Oracle has displayed commitment to customers with consistent cloud management and range of choices across hybrid, multi-cloud architectures.
- Oracle’s strategy is to adapt towards a multi-cloud world.
- Oracle benefits from a large portfolio of software applications.
- Oracle has a reputation for reliability, with more than 99.99% availability uptime.
- Oracle requires four minutes per month for maintenance work, according to Omdia Consulting.
- The Microsoft-Oracle partnership demonstrates maturity of thinking about how cloud will be adopted and deployed.
- As a late entrant into the public cloud marketplace, Oracle has a created a detailed catch-up plan.
- Oracle’s cloud strategy is anchored by its self-driving Autonomous OS and Gen 2 Oracle Cloud Services.
- Oracle Cloud Management architecture is becoming more open.
- Oracle is taking steps to ensure tools and services have visibility across Oracle and third-party clouds.
- Oracle has a dual region strategy that enables customers to deploy applications in multiple geographies.
Although the cloud service provider market is mature, with many providers having more than 10 years of experience offering cloud services, Oracle is relatively new to the cloud provider market. Its cloud offering was released in November 2016. Oracle is a vendor that has benefited from the cloud becoming used for more mission-critical workloads. Enterprises are now evaluating the ability of cloud vendors to support mission-critical workloads.
Oracle benefits from a large portfolio of software applications including ERP, CRM, SCM, HCM, which provides a potential market for its cloud offerings. In addition, Oracle’s Autonomous Database, amongst its latest developments is available as a service on its second-generation platform. This is another key driver for overall OCI adoption and utilisation.
Oracle has a reputation for reliability, with more than 99.99% availability uptime. Oracle has built its second-generation cloud infrastructure to ensure that this reputation is not compromised. On average, Oracle only requires four minutes per month for maintenance work, according to a report published in May 2020 by Omdia Consulting.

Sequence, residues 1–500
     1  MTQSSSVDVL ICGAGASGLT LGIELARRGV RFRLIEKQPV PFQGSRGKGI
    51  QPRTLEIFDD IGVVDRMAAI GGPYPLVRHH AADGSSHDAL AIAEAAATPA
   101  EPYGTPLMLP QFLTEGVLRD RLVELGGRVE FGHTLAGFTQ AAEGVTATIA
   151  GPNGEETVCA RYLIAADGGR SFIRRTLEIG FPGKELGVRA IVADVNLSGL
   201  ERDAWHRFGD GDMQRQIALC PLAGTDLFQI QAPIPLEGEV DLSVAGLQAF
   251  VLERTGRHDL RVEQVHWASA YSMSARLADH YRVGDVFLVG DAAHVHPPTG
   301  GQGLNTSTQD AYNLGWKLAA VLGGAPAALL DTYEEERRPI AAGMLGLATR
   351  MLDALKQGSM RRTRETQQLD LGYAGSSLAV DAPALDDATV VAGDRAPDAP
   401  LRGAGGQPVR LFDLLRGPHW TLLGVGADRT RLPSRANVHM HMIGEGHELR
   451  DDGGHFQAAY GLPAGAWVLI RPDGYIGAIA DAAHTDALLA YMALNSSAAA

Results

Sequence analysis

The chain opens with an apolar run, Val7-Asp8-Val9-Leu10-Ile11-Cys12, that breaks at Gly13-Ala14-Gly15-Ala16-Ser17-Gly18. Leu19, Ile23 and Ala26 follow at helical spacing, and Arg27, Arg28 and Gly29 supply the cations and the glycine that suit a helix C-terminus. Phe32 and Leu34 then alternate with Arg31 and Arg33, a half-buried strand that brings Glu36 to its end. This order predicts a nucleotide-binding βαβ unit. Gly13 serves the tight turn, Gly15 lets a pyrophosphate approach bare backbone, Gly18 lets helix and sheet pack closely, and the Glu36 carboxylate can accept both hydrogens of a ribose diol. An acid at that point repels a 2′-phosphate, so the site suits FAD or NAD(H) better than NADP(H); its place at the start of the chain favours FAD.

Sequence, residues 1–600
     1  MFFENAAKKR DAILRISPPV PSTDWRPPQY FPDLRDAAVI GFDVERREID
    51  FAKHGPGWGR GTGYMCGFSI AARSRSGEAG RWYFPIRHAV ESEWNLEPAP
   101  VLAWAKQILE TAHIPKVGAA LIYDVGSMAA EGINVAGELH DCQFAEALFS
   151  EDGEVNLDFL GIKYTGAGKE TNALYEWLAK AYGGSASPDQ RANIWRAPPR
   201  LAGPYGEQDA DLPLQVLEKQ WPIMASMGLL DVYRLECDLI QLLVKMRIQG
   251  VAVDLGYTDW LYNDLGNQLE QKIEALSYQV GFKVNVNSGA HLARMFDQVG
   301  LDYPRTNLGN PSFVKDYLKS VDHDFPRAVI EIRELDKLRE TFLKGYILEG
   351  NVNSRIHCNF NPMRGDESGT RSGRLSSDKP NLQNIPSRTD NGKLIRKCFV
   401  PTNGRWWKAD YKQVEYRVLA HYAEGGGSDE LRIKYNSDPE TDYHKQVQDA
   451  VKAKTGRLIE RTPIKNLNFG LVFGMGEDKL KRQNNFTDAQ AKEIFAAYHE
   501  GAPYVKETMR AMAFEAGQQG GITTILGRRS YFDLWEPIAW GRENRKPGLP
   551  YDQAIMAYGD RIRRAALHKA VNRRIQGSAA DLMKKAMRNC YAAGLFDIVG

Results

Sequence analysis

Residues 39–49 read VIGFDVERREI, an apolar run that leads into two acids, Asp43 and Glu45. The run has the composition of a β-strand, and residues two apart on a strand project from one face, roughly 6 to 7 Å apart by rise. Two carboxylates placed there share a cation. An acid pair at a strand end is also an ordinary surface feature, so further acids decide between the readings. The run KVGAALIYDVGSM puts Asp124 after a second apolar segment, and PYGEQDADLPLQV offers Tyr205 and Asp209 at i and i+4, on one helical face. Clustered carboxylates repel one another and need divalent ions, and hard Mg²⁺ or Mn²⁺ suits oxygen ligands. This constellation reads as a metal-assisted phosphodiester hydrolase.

Oracle’s strategy is to adapt towards a multi-cloud world, and through partnerships it has positioned itself in the market to meet this demand from enterprises. The Oracle and Microsoft alliance announced in June 2019 enables customers to deploy mission-critical enterprise workloads that both Microsoft Azure and Oracle Cloud environments.
The Microsoft-Oracle partnership brings significant customer benefits and demonstrates maturity of thinking about how cloud will be adopted and deployed in enterprise accounts. The Microsoft-Oracle partnership enables enterprises to access best-of-breed capabilities in the cloud that are best suited to the needs of complex business applications.
The Microsoft-Oracle partnership manages the challenges of interoperability and provides interconnection between the two clouds platforms. Omdia Consulting believes this approach by Oracle, towards managing future workloads for its enterprise customers, through a combination of cloud platforms, is increasingly making it an influential enterprise-class cloud provider.
As a late entrant into the public cloud marketplace, Oracle has a created a detailed catch-up plan across the medium-term horizon. Oracle’s strong commitment towards innovating cloud solutions and building the second-generation Oracle Cloud Infrastructure has also earned it a high level of commitment amongst its customers. According to Omdia Consulting, approximately 80% of Oracle’s customers have committed to Oracle Cloud for between one and three years, and 21% of customers have made a greater than three-year commitment.